- The Washington Times - Sunday, April 12, 2009

ANNAPOLIS (AP) — The Maryland Senate approved emergency legislation Saturday to give Maryland eminent domain authority to keep the Preakness Stakes in Maryland, in hopes the measure will strengthen the state’s hand to avoid losing the race through a federal bankruptcy case.

The Senate needed 29 votes, or five votes more than a simple majority, to pass the measure because it is an emergency bill. The vote was 32-14.

Gov. Martin O’Malley’s administration characterizes the legislation as a last-resort emergency insurance policy, in case a buyer does not emerge to keep the race in Maryland. The problem stems from the federal bankruptcy case involving Magna Entertainment Corp., which owns Pimlico Race Course, the home of the Preakness.

The Senate’s approval sent the bill over to the House of Delegates, which moved swiftly to give the measure preliminary approval later in the day and set the stage for a final vote on Monday — the last day of the General Assembly’s session.

The bill prompted debate in the Senate, because opponents contend it is very far-reaching.

Sen. Allan Kittleman, Howard County Republican, said the bill could have a “chilling effect” on business because it could worry owners that they couldn’t leave the state if their businesses prospered.

“Let’s say a new sports franchise wants to come here,” Mr. Kittleman said. “Why in the world would you come to Maryland if you know that, gosh, if you’re popular and people like you, they’re going to say that they own you. That’s a chilling thing to think about.”

But supporters say the race, which has been run in Baltimore for more than 100 years, is too great an economic benefit to risk losing.

“This is the once-a-year opportunity where the lights shine on Maryland and we show the greatness of Baltimore, the Baltimore region and Maryland, and we are at a stage now where we cannot risk losing the Preakness,” said Sen. Catherine Pugh, Baltimore City Democrat.

Sen. Andrew Harris, Baltimore County Republican, said he opposed the idea of giving eminent domain power over intellectual property for the first time in state law.

“The precedent here is pretty amazing, because what we’re saying is that a business can be in Maryland, we can judge that business so important that we can seize the business and, even beyond seizing the assets of the business, we can take their intellectual property,” Mr. Harris said. “Wow.”

Sen. Edward Kasemeyer, Baltimore County Democrat, confirmed that the Supreme Court has ruled condemnation can be used on intellectual property.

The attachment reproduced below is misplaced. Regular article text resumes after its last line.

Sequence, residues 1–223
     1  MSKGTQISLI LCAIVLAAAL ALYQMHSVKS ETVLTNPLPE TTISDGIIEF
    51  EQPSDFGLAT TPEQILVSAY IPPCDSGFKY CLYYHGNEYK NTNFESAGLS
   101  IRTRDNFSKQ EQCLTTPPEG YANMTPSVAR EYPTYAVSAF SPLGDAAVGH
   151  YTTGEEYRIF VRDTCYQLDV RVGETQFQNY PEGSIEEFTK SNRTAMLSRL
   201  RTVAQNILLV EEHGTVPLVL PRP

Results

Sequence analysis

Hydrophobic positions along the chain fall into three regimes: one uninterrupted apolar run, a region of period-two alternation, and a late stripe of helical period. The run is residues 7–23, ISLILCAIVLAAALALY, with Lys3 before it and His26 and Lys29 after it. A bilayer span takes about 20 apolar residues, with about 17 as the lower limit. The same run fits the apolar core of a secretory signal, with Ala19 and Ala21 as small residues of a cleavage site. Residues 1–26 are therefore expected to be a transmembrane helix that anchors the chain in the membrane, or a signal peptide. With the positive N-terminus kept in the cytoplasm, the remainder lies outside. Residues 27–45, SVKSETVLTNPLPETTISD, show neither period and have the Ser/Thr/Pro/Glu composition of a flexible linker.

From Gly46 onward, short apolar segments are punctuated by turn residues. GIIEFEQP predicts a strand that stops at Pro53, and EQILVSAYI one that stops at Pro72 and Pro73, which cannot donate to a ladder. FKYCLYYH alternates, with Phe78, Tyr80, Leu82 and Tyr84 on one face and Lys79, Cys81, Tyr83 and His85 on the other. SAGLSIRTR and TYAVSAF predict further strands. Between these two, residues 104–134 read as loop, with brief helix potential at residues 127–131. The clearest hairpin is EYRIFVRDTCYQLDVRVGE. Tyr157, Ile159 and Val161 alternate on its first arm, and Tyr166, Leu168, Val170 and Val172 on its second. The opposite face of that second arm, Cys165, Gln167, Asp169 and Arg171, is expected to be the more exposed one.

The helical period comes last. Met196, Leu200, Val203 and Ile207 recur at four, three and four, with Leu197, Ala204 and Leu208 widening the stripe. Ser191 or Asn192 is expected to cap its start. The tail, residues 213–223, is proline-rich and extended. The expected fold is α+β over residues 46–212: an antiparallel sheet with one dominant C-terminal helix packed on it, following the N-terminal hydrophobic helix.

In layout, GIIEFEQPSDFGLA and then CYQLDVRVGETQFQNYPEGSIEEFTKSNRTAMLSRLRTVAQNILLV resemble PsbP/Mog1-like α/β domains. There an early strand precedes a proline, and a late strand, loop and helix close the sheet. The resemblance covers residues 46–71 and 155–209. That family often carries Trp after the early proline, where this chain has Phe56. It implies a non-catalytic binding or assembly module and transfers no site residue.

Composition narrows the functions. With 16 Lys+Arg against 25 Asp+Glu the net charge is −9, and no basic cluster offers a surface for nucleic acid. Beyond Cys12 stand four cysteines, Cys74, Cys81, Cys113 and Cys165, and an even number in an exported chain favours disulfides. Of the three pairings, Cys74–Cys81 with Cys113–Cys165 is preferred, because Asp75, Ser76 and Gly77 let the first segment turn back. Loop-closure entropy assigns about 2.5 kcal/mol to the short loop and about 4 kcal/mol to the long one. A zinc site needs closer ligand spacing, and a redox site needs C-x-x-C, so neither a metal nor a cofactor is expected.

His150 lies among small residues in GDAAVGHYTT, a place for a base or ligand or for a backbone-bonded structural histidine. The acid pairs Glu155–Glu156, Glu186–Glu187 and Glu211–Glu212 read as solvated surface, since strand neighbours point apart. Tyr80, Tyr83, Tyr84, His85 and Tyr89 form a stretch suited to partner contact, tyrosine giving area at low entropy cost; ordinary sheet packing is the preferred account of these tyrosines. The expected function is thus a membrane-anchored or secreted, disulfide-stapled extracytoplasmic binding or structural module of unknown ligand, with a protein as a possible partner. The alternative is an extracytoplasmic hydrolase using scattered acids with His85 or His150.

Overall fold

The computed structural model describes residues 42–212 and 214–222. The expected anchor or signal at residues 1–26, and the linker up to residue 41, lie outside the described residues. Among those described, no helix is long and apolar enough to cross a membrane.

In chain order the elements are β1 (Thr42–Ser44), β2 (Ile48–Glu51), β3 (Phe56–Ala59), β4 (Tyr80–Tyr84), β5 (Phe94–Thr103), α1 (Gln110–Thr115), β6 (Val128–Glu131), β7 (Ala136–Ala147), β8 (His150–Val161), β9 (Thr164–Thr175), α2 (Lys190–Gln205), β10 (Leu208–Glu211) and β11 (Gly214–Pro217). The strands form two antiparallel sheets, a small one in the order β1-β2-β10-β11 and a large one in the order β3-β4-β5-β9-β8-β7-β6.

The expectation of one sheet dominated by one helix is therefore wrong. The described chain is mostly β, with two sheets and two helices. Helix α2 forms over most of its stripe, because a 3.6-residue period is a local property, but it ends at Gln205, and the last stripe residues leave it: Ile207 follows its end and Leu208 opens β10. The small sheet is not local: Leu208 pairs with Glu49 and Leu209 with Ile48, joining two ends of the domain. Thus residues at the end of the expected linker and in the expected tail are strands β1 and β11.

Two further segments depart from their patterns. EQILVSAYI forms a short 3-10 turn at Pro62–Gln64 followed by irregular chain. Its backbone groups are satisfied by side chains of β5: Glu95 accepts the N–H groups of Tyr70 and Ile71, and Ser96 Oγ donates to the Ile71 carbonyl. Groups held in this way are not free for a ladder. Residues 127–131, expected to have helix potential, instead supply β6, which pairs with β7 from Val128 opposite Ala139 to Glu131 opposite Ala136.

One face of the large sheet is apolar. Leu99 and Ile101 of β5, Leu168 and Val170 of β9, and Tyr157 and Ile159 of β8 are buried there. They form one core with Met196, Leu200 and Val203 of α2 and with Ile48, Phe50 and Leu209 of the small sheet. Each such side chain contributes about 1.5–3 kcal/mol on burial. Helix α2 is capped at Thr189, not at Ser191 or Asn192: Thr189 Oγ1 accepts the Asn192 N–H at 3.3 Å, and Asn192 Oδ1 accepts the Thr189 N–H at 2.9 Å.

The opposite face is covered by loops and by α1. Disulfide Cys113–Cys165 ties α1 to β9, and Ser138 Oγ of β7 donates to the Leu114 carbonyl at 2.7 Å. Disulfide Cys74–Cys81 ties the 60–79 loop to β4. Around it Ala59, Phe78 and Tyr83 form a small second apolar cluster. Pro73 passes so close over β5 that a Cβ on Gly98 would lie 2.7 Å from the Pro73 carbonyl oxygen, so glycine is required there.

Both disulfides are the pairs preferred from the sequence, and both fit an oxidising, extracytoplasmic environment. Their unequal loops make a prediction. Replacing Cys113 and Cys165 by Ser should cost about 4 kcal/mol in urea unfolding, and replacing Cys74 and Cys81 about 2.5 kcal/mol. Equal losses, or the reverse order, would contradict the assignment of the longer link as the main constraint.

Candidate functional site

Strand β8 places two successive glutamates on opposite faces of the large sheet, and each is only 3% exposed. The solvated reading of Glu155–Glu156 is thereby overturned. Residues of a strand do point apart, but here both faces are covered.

Sen. Barry Glassman, Harford County Republican, said the state needs to act, because it has allowed the struggling horse racing industry to go downhill too long.

“These tracks are sort of like a horse that we haven’t fed for about six months and he’s skin and bones and we expect him to run, and we’ve got to stop doing that,” Mr. Glassman said. “We’ve got to invest in our history and preserve this industry.”

Lawmakers are hurrying to get the bill, which was introduced Wednesday, passed before Monday’s adjournment.

Maryland contends it has a legal right to the first chance to buy the race, if it goes up for sale. But Magna has not recognized that right, and questions abound on how a federal bankruptcy court will direct the sale of assets.

A hearing on selling the assets is scheduled for April 20.

The 134th Preakness Stakes race is scheduled for May 16 at Pimlico, and the legal and legislative proceedings won’t affect it this year.

The O’Malley administration contends the race is crucial to Maryland’s struggling horse industry. It generates 20,000 jobs and has an annual economic impact of $1.5 billion, the administration estimates.

The bill also would allow Maryland to purchase or exercise eminent domain over Laurel Park, a racetrack in Anne Arundel County, and the Bowie Race Course Training Center. It also would apply to all rights and racing events that are associated with the Preakness, including its trophy, the Woodlawn Vase.

The Maryland Economic Development Corporation, created by the state in 1984 to help finance economic development, would be able issue bonds to acquire the property, under the legislation.

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